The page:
Former Australian envoy says Australia’s lost Pacific trust


A former Australian envoy to the Solomons Islands has accused Australia’s government of losing the trust of South Pacific island countries and of ushering in greater Chinese influence.

Retired career diplomat Trevor Sofield told a security summit on Monday he found it” inconceivable” that the Solomons government did not trust Australia enough to consult when a bilateral security pact with Beijing was first considered.

“That would not have happened a few years ago,” said Sofield, who was Australian high commissioner to the Solomons from 1982 to 1985.

The pact, which was concluded last month, has been a major issue ahead of Australian elections on Saturday.

Australia and its allies including the United States fear the pact will result in a Chinese naval presence less than 2,000 kilometers (1,200 miles) from the northeast Australian coast.

Prime Minister Scott Morrison argues that he is better able than opposition leader Anthony Albanese to take on the security threats posed by China and to strengthen relations with Washington, Australia’s most important defence partner.

Sofield, who was manhandled by security staff when he attempted to speak to Morrison at a campaign event last week, said Australia had “lost its way” in the Pacific as China scaled up its influence in the region.

“We had a vision, “he said. “It was underpinned by the fact that if we could assist these governments reach economic security through trade and aid then they would certainly be able to manage their own affairs.”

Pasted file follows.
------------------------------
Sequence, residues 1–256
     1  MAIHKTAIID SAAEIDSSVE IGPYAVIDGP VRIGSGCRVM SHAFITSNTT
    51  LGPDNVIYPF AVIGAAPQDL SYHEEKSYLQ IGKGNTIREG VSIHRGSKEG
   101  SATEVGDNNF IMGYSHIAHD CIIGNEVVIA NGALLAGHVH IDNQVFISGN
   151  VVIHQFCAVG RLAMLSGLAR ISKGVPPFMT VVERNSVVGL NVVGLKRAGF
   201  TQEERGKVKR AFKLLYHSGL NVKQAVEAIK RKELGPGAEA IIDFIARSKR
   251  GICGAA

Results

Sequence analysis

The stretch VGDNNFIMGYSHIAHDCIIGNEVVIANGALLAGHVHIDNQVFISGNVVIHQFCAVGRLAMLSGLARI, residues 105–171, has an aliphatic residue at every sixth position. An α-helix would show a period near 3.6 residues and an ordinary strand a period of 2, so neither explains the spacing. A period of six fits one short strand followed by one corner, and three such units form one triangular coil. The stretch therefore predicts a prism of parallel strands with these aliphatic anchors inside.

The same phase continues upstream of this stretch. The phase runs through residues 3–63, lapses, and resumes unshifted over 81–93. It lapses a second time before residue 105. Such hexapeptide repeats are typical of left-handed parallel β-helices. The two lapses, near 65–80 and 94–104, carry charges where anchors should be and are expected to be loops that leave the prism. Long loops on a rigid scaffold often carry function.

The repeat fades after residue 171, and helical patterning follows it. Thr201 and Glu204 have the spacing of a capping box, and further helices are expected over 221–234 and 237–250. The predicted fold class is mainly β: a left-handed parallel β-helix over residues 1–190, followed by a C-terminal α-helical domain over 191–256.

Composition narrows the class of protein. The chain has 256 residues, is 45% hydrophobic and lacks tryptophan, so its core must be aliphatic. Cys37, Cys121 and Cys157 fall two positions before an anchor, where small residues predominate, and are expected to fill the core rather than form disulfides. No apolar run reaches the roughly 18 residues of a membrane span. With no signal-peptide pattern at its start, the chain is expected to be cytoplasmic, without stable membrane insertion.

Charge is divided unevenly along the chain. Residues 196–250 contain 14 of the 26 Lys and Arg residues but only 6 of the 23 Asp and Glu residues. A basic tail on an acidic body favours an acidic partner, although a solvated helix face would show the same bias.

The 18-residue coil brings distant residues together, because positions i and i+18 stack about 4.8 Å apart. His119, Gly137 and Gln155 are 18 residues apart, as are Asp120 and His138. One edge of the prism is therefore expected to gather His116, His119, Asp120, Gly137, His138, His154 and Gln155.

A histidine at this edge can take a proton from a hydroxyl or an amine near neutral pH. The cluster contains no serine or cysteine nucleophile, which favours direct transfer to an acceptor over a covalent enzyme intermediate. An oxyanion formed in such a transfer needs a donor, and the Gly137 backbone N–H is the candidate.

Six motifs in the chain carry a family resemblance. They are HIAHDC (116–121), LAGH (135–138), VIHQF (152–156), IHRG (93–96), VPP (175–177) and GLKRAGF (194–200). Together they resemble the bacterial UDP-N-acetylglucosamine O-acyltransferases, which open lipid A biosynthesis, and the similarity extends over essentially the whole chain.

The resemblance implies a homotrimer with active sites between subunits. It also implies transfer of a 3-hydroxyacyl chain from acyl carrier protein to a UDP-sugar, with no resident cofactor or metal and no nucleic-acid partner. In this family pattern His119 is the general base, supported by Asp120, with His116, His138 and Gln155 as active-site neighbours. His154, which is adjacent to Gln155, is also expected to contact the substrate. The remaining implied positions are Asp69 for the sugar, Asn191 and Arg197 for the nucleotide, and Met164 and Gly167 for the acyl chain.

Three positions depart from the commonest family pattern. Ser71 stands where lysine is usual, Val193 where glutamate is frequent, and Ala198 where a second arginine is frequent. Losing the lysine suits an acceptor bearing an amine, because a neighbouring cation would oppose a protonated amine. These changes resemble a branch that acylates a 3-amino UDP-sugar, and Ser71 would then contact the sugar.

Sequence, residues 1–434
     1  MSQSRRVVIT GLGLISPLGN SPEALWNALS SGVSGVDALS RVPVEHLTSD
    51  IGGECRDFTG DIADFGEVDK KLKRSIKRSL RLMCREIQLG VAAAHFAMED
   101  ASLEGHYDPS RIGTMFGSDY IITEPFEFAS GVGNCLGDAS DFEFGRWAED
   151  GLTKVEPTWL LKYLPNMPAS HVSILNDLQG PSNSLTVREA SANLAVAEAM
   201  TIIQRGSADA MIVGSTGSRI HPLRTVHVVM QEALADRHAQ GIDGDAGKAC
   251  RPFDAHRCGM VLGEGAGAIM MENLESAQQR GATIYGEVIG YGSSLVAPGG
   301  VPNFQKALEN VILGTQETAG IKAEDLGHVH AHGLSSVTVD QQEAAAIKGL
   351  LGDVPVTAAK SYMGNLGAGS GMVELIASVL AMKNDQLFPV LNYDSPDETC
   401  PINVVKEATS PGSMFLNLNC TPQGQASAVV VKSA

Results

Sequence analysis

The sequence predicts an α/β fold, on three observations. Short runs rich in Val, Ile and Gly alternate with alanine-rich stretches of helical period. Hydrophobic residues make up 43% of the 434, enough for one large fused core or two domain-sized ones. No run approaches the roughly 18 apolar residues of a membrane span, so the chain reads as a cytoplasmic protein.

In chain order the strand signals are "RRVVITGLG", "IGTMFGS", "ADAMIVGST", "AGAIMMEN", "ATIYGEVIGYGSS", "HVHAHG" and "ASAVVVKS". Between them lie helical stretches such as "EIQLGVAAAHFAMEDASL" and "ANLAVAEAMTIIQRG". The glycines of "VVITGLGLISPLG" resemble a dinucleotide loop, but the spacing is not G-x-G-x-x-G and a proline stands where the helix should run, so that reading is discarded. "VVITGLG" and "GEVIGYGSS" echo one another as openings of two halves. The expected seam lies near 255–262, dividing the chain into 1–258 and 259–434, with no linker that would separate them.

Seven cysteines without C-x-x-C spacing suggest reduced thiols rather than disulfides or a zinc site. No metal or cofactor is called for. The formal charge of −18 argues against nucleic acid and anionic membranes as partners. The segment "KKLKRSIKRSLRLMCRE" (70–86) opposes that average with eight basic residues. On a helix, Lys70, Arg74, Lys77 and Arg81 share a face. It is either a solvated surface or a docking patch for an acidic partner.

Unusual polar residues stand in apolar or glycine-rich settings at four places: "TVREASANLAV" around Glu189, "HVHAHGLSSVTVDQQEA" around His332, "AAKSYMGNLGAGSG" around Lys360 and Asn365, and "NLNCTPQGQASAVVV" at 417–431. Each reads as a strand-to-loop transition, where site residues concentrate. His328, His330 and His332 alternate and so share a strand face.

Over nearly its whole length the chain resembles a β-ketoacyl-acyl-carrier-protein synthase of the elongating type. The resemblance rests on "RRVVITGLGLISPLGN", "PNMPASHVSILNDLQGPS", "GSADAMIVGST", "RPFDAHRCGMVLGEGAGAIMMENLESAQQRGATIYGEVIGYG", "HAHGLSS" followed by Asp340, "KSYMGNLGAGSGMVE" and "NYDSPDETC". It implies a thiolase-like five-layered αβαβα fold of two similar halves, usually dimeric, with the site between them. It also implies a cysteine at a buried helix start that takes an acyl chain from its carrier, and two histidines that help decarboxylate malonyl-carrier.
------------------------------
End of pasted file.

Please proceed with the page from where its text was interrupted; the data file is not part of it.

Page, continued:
“But we’ve lost that vision and we’ve lost that trust that we developed over time,” Sofield added.

Albanese’s centre-left Labor Party has condemned the Sino-Solomons pact as Australia’s worst foreign policy failure in the Pacific since World War II.

Morrison argues the blame lies with China for interfering in the Pacific.

Morrison boasts that a partnership with the United States and Britain announced in September that will supply Australia with a fleet of submarines powered by U.S nuclear technology was as major achievement to boost Australia’s security.

The so-called AUKUS agreement has become a political battleground since an Australian newspaper reported on Saturday that the United States had set bipartisan support as a prerequisite for any agreement going ahead.

Morrison on Monday defended his failure to brief Labor earlier on the agreement and suggested the party’s deputy leader Rickard Marles might have leaked the nascent deal to the Chinese.

National security is traditionally seen as a strength of Morrison’s conservative coalition, which is seeking a rare fourth three-year term. Labor is ahead in most opinion polls, although the election result is expected to be close.